Nanotechnology

micromechanics

micromechanics, the combination of minuscule electrical and mechanical components in a single device less than 1 mm across, such as a valve or a motor. Although micromechanical production processes and applications are still in the developmental stage, efforts have begun to develop machines—called micromachines or micromechanisms—1,000 times smaller. Nanotechnology is concerned with atomic- and molecular-scale devices. Such devices can be constructed using a scanning tunneling microscope. A single atom has been used as an electrical switch and an individual molecule used to convert alternating current into direct current. Cluster chemistry has produced small balls and tubes (see fullerene) containing between 10 and 1,000 atoms that may be useful in forming nano-thin wires and transistors that operate on just a few electrons. A third nanotechnological approach is to grow such devices from proteins, DNA, or synthesized organic molecules. Nanotechnologies are still in the laboratory stage, but practical applications are envisioned in such diverse areas as computers, pharmaceuticals, and metrology. For example, American chemist George M. Whitesides has used hydrocarbon molecules, called alkanethiols, that are self-assembling (i.e., arrange themselves into ordered, functioning entities without human intervention, as do living cells) to form ordered rows on a gold surface; such a process could be used to produce much thinner lines on an integrated circuit than can be accomplished using conventional techniques.

See K. E. Drexler and C. Peterson, with G. Pergamit, Unbounding the Future: The Nanotechnology Revolution (1991); A. J. Bard, Integrated Chemical Systems: A Chemical Approach to Nanotechnology (1994); E. Regis, Nano: The Emerging Science of Nanotechnology (1995).

The Columbia Encyclopedia, 6th ed. Copyright© 2018, The Columbia University Press.

Nanotechnology: Selected full-text books and articles

A Radical Future for Nanotechnology By Drexler, K. Eric The Futurist, Vol. 47, No. 5, September-October 2013
Nanotechnology, Risk and Upstream Public Engagement By Macnaghten, Phil Geography, Vol. 93, Summer 2008
Nanotechnology Development and Sub-Technologies Effect By Al-Tameem, Abdullah Abdulaziz Journal of Digital Information Management, Vol. 7, No. 1, February 2009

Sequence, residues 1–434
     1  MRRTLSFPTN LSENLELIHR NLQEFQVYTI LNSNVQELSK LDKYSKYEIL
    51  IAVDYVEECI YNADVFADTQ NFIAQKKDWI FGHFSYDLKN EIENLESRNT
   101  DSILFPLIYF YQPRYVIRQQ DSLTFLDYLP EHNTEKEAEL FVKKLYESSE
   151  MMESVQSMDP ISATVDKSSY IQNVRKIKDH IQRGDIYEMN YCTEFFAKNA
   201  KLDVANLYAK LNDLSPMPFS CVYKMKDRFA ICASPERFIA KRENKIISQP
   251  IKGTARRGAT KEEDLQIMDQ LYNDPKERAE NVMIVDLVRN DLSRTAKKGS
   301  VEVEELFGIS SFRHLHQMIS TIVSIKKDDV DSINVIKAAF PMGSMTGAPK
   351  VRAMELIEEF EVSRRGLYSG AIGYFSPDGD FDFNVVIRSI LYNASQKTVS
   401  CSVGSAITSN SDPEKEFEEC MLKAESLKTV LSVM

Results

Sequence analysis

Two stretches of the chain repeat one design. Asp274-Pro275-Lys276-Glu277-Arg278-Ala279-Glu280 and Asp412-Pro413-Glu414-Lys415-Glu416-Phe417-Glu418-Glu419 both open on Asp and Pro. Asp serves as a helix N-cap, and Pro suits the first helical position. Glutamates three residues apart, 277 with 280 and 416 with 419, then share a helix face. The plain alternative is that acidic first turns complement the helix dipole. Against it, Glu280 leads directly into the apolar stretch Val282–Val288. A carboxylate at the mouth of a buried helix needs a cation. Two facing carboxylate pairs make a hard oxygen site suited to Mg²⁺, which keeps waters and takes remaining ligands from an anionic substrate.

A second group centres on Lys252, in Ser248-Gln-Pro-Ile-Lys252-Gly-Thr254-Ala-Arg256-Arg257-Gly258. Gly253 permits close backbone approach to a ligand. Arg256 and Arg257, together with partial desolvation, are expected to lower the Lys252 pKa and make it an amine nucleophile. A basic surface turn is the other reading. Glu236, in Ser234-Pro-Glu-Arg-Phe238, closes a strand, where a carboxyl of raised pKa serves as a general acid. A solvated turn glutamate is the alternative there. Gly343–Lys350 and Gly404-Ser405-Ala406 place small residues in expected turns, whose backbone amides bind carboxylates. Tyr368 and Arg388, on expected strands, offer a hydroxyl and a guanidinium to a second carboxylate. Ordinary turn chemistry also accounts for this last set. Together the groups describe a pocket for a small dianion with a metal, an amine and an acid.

PEER-REVIEWED PERIODICAL
Peer-reviewed publications on Questia are publications containing articles which were subject to evaluation for accuracy and substance by professional peers of the article's author(s).
Nanotechnology: Its Impact on Food Safety By Dingman, Jim Journal of Environmental Health, Vol. 70, No. 6, January-February 2008
Kellogg on Technology & Innovation By Ranjay Gulati; Mohanbir Sawhney; Anthony Paoni Wiley, 2003
Librarian's tip: Chap. 6 "Recent Trends in Nanotechnology"
Nanotechnology - a Lot of Hype over Almost Nothing? By Stang, Charma; Sheremeta, Lorraine Health Law Review, Vol. 15, No. 1, Fall 2006
Nanotechnology Science's Next Frontier or Just a Load of Bull? By Ball, Philip New Statesman (1996), Vol. 132, No. 4643, June 23, 2003
The Global Course of the Information Revolution: Recurring Themes and Regional Variations By Richard O. Hundley; Robert H. Anderson; Tora K. Bikson; C. Richard Neu Rand, 2003
Librarian's tip: Chap. Fifteen "The Information Revolution Is Part of a Broader Technology Revolution with Even Profounder Consequences"
Molecules: A Very Short Introduction By Philip Ball Oxford University Press, 2003
Librarian's tip: "Natural Nanotechnology" begins on p. 110
The 21st Century at Work: Forces Shaping the Future Workforce and Workplace in the United States By Lynn A. Karoly; Constantijn W. A. Panis Rand, 2004
Librarian's tip: "Nanotechnology: Revolutionary Technology on the Horizon" begins on p. 96
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